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Loss of Heterozygosity and Copy Number Alterations in Flow-Sorted Bulky Cervical Cancer

Loss of Heterozygosity and Copy Number Alterations in Flow-Sorted Bulky Cervical Cancer

  • Sabrina A. H. M. van den Tillaart, 
  • Wim E. Corver, 
  • Dina Ruano Neto, 
  • Natalja T. ter Haar, 
  • Jelle J. Goeman, 
  • J. Baptist M. Z Trimbos, 
  • Gertjan J. Fleuren, 
  • Jan Oosting


Treatment choices for cervical cancer are primarily based on clinical FIGO stage and the post-operative evaluation of prognostic parameters including tumor diameter, parametrial and lymph node involvement, vaso-invasion, infiltration depth, and histological type. The aim of this study was to evaluate genomic changes in bulky cervical tumors and their relation to clinical parameters, using single nucleotide polymorphism (SNP)-analysis.

Flow-sorted tumor cells and patient-matched normal cells were extracted from 81 bulky cervical tumors. DNA-index (DI) measurement and whole genome SNP-analysis were performed. Data were analyzed to detect copy number alterations (CNA) and allelic balance state: balanced, imbalanced or pure LOH, and their relation to clinical parameters.

The DI varied from 0.92–2.56. Pure LOH was found in ≥40% of samples on chromosome-arms 3p, 4p, 6p, 6q, and 11q, CN gains in >20% on 1q, 3q, 5p, 8q, and 20q, and losses on 2q, 3p, 4p, 11q, and 13q. Over 40% showed gain on 3q. The only significant differences were found between histological types (squamous, adeno and adenosquamous) in the lesser allele intensity ratio (LAIR) (p = 0.035) and in the CNA analysis (p = 0.011). More losses were found on chromosome-arm 2q (FDR = 0.004) in squamous tumors and more gains on 7p, 7q, and 9p in adenosquamous tumors (FDR = 0.006, FDR = 0.004, and FDR = 0.029).

Whole genome analysis of bulky cervical cancer shows widespread changes in allelic balance and CN. The overall genetic changes and CNA on specific chromosome-arms differed between histological types. No relation was found with the clinical parameters that currently dictate treatment choice.


Prognostic factors for cervical cancer

Cervical cancer is one of the most frequent gynecological cancers worldwide. Following the surgical treatment of cervical tumors, prognostic factors for survival include the clinical parameters FIGO stage, tumor diameter, tumor in the parametria, tumor positive pelvic lymph nodes, vaso-invasion, and infiltration depth. Histological type is also related to prognosis, and is evaluated both pre- and postoperatively [1][4]. Although parameters can be partly determined pre-operatively by clinical examination, imaging, or the pathological evaluation of biopsy specimens, most parameters are only definitively established following the post-operative pathological examination of surgical specimens. Presence or absence of these factors is of prognostic relevance and is therefore used to select both the primary treatment, and to decide whether adjuvant chemotherapy and/or radiotherapy are necessary.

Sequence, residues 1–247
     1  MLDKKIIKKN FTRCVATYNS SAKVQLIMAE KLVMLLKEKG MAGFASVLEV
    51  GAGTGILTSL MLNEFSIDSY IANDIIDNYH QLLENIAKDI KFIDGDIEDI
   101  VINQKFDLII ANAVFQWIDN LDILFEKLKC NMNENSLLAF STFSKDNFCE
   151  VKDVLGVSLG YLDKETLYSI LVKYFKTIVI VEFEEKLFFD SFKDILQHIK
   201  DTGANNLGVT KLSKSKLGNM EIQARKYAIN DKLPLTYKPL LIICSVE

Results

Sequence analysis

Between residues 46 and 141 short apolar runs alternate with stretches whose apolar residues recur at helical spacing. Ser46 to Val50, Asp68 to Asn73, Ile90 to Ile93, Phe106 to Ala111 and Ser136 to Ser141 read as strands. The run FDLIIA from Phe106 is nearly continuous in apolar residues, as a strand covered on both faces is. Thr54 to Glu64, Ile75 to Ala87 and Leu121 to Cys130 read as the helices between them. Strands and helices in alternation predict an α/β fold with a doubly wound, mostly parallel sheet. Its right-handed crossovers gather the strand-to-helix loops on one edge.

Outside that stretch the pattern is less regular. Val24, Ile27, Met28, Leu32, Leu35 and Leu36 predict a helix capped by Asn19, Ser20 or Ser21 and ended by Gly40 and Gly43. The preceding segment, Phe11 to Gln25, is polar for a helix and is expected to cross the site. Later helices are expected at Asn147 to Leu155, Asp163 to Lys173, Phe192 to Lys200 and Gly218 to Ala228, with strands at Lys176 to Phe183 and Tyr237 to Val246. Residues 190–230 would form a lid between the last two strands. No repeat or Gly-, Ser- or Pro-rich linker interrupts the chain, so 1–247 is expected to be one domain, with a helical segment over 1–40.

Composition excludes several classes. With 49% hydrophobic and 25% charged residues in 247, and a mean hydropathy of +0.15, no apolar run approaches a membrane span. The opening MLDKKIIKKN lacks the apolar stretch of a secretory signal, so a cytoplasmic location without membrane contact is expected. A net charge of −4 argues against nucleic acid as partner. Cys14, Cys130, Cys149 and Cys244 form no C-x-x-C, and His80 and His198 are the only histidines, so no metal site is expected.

Surgical treatment is considered to be the optimal primary treatment for small diameter cervical tumors (<4 cm, FIGO stage <1b2). Locally extended tumors (FIGO 2b or higher) are primarily treated by chemo-radiation. There is, however, no worldwide agreement on the optimal primary treatment for bulky cervical cancer (diameter >4 cm, FIGO ≥1b2–2b), although radiotherapy or surgery are options [5][13]. Recently, our group reported a possible additional prognostic factor for bulky cervical tumors. Patients with barrel-shaped (lateral extension ≥1.5× craniocaudal extension) bulky tumors showed a worse disease-free and overall survival after surgical treatment, when compared to exophytic (all other) tumors. Primary surgical treatment, rather than radiotherapy or chemo-radiation, has been proposed as the optimal treatment for patients with exophytic bulky tumors [14].

The ability to select more homogenous subgroups of patients with cervical tumors may help in the selection of the most suitable treatment strategy for individual patients. Identification of patients with specific genetic patterns might be a way to achieve this goal. Genetic changes could be objectively assessed, pre-operatively, in tumor biopsies, potentially providing a more accurate prediction of stage and clinical behavior than the physical examination of the patient. Furthermore, genetic profiling could provide information on the genes or pathways responsible for tumor growth and metastasis.

Genetic profiling

The progression of normal cells to cancer is accompanied by changes in DNA, and genetic profiles have been established for several types of cancer. These profiles have been largely determined using arrayCGH, and have therefore been limited to copy number changes. In this study, we used single nucleotide polymorphism (SNP) arrays to determine the genetic profile of flow-sorted tumor populations. This approach has the advantage of also determining allele-specific changes, in addition to copy number alterations (CNA), in pure tumor cells. In order to include loss of heterozygosity (LOH) in the analysis, we developed the lesser allele intensity ratio (LAIR) approach, which allows the assessment of discrete allele specific copy numbers (CN) for all genomic locations [15]. This method allows the classification of the discrete total CN as both the sum of two alleles and as the balance state, which can then be divided into 3 classes: balanced, imbalance, and LOH.